North Carolina Licensing Board for General Contractors: Beware of scams after Hurricane Dorian

dorian preparations
Tech Sgt Thomas Hartt, 4th Civil Engineer Squadron pavement and production specialist, unloads sand bags from a truck Sept. 4, 2019, at Seymour Johnson Air Force Base, North Carolina. Airmen and their families assigned to Seymour Johnson AFB prepared the installation for possible hurricane winds associated with Hurricane Dorian. (U.S. Air Force photo by Staff Sgt. Michael Charles)

In the aftermath of Hurricane Dorian, thousands of North Carolinians with damaged homes, businesses and other property will be prime targets for scam artists, says the North Carolina Licensing Board for General Contractors (NCLBGC).

The organization, in a statement issued just before the storm lashed the Outer Banks and other areas in eastern NC, warned citizens to exercise extreme caution to avoid becoming further victimized by scam artists posing as legitimate contractors.

“The NCLBGC reminds citizens that licensed general contractors have passed an examination and have met the financial requirements for being a licensed general contractor in the State of North Carolina,” the statement said.

“Unfortunately, natural disasters like Hurricane Dorian lead to an increase in individuals posing as legitimate licensed contractors in an effort to prey upon vulnerable citizens,” said  NCLBGC executive director C. Frank Wiesner. “Individuals who hire unlicensed contractors are putting themselves at great financial risk.”

The NCLBCG noted these points:

  • Any project quoted at $30,000 or more requires a valid NC general contractors license.
    Projects less than $30,000 do not require a license. However, hiring a NC licensed general contractor may offer security in knowing that you are dealing with a legitimate contractor who is authorized to engage in construction or repairs.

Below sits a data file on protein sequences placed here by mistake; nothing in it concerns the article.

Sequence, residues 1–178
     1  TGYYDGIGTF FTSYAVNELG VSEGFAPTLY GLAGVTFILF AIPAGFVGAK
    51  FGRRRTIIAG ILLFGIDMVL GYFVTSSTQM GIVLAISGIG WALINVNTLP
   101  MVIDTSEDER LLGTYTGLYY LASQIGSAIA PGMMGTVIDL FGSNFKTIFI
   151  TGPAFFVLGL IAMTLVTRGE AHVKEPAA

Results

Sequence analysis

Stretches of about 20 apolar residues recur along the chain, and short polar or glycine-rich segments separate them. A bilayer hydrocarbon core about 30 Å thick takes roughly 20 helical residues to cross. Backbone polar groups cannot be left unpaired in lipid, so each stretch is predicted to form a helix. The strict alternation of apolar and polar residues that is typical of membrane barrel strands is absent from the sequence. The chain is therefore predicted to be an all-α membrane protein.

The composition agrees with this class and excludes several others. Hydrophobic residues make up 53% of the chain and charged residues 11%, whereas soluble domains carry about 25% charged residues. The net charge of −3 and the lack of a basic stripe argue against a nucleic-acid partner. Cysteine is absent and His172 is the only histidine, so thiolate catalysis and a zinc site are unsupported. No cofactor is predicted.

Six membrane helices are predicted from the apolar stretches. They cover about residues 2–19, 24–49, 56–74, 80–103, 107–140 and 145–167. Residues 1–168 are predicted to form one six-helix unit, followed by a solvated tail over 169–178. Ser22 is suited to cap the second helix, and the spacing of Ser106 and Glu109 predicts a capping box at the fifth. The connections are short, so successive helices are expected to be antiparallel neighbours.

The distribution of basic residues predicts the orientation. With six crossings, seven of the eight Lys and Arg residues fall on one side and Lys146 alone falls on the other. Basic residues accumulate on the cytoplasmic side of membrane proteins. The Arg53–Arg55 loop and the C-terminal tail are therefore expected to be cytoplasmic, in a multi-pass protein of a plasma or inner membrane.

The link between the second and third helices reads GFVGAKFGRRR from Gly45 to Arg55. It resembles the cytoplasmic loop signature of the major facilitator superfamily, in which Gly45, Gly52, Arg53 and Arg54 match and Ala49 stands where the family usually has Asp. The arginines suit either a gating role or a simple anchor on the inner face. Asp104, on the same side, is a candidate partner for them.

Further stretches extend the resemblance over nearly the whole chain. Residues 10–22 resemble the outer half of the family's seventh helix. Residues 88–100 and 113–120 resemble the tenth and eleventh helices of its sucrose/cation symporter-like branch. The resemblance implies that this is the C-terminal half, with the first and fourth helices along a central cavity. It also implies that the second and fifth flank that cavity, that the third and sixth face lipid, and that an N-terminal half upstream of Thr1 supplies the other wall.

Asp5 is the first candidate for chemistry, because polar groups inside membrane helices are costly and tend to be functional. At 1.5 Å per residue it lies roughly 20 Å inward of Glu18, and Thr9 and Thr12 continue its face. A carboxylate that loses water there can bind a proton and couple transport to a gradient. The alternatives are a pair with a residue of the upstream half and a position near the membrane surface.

• Ask for proof that the contractor is licensed. Citizens can verify if the contractor is properly licensed by: 1) searching on the NCLBGC’s website at;
    2) calling the NCLBGC at (800)220-7185; or 3) downloading the Board’s free mobile app for Apple and Android devices by entering “NCLBGC SEARCH” in the search feature.
  • Be wary of door-to-door repair solicitations or people who demand payments in cash.
  • Require a written contract that details the work to be done, materials to be used, a payment schedule and a timeline for work to be completed. A licensed contractor is required to list their license number on all contracts.
  • Contact your insurance company before beginning any work.
  • Contact the local permitting office or inspections department to determine if permits are required to assure building code compliance. If permits are required, be sure the contractor acquires them before construction begins.
  • Before making final payment, evaluate the completed work and ask your contractor to confirm that all subcontractors and suppliers have been paid to eliminate potential liens on your property.


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